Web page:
Developing resilience to stress enables us all to feel confident and have a sense of control. Allow your child to progress slowly and comfortably at their pace while asking them if there is anything they need support with. Sometimes if a child is shy or fearful about something they may just need you to stay with them a little while longer, knowing you will be close by for a while ‘just in case’. Slowly the child will progress and be able to walk away from you easier. This is progress and patience.
- Prepare them for making mistakes
Explain there is no perfect person on planet earth, we all have a hiccup and make a mistake sometimes. The thing to remember is to discuss what could be done different or better next time. Here we may need to make a suggestion or two of what they could do instead next time this situation occurs, allow them to choose the best one that will work for them and allow them to own it as their choice.
There can be several reasons children can feel stress; it can be rushing for the bus, being late for class, not getting the marks they want, not winning the race. It could be stress about are mummy and daddy going to fight and yell again, are they going to split up, where will I live. It can also include fear if the dog is going to die, Nana is really old is she going to leave us; so many things kids can stress and worry about.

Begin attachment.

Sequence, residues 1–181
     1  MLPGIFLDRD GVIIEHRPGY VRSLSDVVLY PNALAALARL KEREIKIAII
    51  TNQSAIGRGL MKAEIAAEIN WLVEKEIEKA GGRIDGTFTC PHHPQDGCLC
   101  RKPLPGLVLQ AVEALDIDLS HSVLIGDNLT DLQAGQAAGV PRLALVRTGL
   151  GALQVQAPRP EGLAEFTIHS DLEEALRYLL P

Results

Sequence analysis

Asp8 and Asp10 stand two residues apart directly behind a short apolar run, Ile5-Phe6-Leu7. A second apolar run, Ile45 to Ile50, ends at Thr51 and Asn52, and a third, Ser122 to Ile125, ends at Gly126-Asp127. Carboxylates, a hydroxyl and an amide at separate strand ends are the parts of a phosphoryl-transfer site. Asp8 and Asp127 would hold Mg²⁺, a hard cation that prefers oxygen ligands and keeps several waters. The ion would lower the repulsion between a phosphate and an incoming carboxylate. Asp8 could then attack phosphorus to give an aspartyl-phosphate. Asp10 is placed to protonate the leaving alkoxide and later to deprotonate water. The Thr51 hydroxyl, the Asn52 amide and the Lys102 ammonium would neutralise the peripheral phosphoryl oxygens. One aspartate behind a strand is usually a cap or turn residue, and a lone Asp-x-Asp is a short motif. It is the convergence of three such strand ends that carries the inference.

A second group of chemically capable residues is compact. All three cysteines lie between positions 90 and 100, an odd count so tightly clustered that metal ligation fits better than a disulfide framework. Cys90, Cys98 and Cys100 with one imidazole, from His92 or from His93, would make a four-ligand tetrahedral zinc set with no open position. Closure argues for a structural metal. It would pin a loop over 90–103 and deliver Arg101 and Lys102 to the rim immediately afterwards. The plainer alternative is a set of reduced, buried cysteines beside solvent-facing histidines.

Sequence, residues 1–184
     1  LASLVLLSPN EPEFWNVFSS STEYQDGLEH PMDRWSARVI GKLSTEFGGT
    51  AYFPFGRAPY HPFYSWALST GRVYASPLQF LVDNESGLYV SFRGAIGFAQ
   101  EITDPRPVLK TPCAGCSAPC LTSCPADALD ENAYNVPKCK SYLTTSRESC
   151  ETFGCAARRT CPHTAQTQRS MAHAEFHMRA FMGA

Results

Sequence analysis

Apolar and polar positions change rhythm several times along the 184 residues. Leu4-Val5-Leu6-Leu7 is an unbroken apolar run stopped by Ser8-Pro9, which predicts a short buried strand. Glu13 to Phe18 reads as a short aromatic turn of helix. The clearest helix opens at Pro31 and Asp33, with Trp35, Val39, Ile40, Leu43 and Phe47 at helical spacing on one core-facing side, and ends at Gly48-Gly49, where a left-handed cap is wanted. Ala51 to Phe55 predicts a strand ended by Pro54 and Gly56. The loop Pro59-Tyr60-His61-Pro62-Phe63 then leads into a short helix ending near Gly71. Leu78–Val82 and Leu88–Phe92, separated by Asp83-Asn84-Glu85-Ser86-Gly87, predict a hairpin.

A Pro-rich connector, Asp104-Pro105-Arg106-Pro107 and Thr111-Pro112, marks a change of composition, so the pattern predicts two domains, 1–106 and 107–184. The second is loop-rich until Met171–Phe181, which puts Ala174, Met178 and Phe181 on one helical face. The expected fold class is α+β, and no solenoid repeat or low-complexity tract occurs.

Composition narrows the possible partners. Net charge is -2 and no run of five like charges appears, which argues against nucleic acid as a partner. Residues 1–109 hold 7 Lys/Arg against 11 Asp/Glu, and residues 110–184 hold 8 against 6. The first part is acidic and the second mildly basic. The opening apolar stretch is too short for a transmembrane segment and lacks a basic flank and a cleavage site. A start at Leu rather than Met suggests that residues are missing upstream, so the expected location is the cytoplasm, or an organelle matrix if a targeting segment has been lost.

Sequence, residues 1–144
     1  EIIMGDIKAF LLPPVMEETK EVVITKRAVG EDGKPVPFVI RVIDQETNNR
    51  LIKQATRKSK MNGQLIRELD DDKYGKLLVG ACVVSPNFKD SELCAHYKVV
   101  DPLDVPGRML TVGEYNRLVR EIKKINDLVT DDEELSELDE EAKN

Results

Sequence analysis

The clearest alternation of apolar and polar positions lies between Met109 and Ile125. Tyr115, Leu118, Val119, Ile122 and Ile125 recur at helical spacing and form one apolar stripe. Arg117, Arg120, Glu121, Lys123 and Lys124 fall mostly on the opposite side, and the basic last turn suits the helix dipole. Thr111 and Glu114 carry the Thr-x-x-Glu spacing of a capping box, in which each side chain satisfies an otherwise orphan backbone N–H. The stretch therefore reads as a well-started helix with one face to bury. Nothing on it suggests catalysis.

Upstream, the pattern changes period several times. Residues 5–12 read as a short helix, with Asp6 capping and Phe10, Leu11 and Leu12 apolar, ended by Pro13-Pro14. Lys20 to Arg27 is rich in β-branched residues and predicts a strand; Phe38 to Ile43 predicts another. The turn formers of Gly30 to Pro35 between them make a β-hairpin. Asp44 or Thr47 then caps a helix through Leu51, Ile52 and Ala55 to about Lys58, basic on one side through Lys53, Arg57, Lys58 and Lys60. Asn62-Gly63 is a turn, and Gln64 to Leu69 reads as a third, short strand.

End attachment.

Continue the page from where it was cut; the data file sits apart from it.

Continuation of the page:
If you notice your child withdrawn, talk to them, ask them to share their feelings, be curious. Always acknowledge their feelings as important to them and never dismiss their feelings. To you, it may be nothing, to your child it can be significant. This is the perfect time to guide and empower them, provide a different way to look at it, reframe their thoughts to something more positive.
- How they deal with things emotionally and socially
Parents can aid the child to focus on resilience. If a child is timid, shy or fearful, ask the child what they need not to feel this way. The saying ‘Fake it till you make it” is wonderful and kids can use this for a short time to get through something. Then they feel how great it was to have done that and what do they then want ?– to feel that good again.
We naturally want to protect our children from any harm, hurt or distress, what can happen unfortunately is they miss out on learning to build their resilience. Step back, allow them to do something that fears them, applaud their ability, provide support and positive comments then allow them to do it again and again. The first couple of times is always the hardest. Praise for every forward step to assist them to build their confidence, as this is what is normally lacking.
People who can cope with stress find it easier to ignore negative and painful things that have occurred. They find it easier to go through life more successfully.
Research also tells us that people who can cope with stress have fewer aches and pains in their body. Stressed people focus more on the negative, escalating even more stress in themselves. Those who learn to manage their stress have less stress due to the way they reframe things, look toward the positive and view a situation as just that before determining what needs to be done to improve or remove the stress.